t’s an honor today as we recognize our veterans, a group of people who risked their health and well-being to provide us with the freedoms we enjoy on a daily basis.
Nearly 70 years ago, President Woodrow Wilson declared Nov. 11 be called Armistice Day. The day was to be set aside to recognize the heroism of those who fought in World War I. Later, President Dwight Eisenhower, who many historians believe was prouder of his military service than the title of president, declared the day be called Veterans Day to recognize all of the men and women who have served in our military.
Today, fewer than 10 percent of Americans can claim the title “veteran,” and far less than 1 percent of our population is currently defending us in the Global War on Terrorism. This is not a title to be taken lightly.
Veterans have endured hardships that many of us will never face in our lifetime. They have traveled to hostile areas of the world to freeze in sub-zero temperatures or swelter in strange jungles. They have had to miss important milestones during long separations from their families and many have sustained life-altering injuries that require years of recovery.
However, some veterans will say that the hardest part of their service occurs when they return home from war. In addition to any physical wounds inflicted by combat, a number of veterans suffer from post-traumatic stress disorder and report feeling disconnected and misunderstood after living with such a close-knit group during their service. Others have trouble attaining jobs, housing, healthcare or feeling as if they belong in their community.
These feelings take a toll. For many, the alienation they feel upon returning home proves too much. The Department of Veterans Affairs (VA) estimates that 18 veterans commit suicide every day.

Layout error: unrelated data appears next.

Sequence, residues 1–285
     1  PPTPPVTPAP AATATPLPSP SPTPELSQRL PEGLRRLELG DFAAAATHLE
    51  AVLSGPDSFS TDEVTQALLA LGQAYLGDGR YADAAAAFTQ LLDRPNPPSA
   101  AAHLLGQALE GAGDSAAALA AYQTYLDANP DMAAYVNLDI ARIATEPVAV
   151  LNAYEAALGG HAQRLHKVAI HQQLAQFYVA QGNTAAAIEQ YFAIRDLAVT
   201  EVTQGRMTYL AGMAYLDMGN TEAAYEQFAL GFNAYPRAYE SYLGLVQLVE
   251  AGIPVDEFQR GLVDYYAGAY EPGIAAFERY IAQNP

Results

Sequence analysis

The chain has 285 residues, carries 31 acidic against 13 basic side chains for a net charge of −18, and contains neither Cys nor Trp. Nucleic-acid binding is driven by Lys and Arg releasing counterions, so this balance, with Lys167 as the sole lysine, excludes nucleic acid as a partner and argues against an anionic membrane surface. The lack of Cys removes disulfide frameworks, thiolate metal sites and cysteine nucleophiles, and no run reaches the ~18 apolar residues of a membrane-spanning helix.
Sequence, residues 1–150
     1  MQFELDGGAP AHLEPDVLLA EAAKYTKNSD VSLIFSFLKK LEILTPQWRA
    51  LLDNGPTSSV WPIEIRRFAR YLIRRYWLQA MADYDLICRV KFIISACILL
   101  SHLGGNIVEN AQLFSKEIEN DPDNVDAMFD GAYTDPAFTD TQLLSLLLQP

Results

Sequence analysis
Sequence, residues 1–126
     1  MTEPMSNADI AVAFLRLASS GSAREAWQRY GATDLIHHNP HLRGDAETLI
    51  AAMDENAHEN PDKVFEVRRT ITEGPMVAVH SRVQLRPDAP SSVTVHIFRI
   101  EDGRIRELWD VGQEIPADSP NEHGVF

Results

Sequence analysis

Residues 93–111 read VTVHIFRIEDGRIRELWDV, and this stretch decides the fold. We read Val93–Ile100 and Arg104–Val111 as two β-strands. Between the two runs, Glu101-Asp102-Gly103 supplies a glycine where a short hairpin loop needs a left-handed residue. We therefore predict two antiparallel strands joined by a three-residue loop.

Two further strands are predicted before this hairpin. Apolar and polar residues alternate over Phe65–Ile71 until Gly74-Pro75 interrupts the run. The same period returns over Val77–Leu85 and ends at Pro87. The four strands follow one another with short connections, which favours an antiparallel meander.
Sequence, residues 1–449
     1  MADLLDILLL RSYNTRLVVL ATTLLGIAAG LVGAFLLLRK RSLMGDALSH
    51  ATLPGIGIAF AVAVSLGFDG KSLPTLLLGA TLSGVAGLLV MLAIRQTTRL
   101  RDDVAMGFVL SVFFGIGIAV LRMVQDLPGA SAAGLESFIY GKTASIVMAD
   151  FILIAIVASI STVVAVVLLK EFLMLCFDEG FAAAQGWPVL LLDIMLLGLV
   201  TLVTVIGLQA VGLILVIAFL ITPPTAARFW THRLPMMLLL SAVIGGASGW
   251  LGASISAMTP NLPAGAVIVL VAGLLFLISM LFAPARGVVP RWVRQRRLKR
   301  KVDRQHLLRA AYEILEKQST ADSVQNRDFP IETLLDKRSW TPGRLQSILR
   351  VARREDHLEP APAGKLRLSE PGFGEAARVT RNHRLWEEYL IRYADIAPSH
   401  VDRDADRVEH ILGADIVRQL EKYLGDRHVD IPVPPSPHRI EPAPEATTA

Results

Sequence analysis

Bryan Wood, a combat veteran and author of the book “Unspoken Abandonment,” speaks openly about how difficult it is for veterans to return home while their mind still functions as if it’s facing the danger of a war zone. He says:
“Many soldiers will never reach out for help because, after all, it’s the soldier’s mentality for self-reliance that kept him alive in combat, and it is that same mindset that will all too often keep him suffering in silence long after the war has ended.”
He goes on to urge people to make an effort to understand what veterans have experienced and ask them how they’re feeling.
I would be amiss to not also mention the sacrifice of our veterans’ families. They, too, have given a great deal to our country by supporting their family member’s efforts to serve in the military. They, more than anyone, know the sadness of saying goodbye and the joy of the return. They witness firsthand the hardships our veterans face as they attempt to adjust to life after their service.
This isn’t the feel-good message that many people will hear today, but I believe it is important that we understand not only what our veterans went through, but the difficult memories they acquire during service and their struggle to achieve a sense of normalcy after they return.
Many of you know a veteran, are related to a veteran, or may be a veteran yourself. We have a special responsibility to care for and honor these individuals in our community in the same way they honored us through their selfless service to our country.
Michael Mullen, a former United States Navy admiral who served as the 17th Chairman of the Joint Chiefs of Staff, said, “If you listen closely to the voices of our veterans, you understand that yes, they all returned from war changed, but what never changed is this: They never forgot your generosity. They never forgot the power of opportunity. They never forgot the American dream.
“I am convinced that America’s great sea of goodwill can be, in fact, a rising tide, a tide that could lift every veteran and every family of our wounded and fallen.”
Today I share that sentiment.
I hope that we will all remember to treat our veterans with the respect they deserve and take care of them now in the same way they have taken care of us in the past.
Love on our veterans and love on their families. Our respect and kindness towards them deserves so much more than just one day. And God bless America.
JEFF HALE is State Representative for District 24. He lives in Nesbit.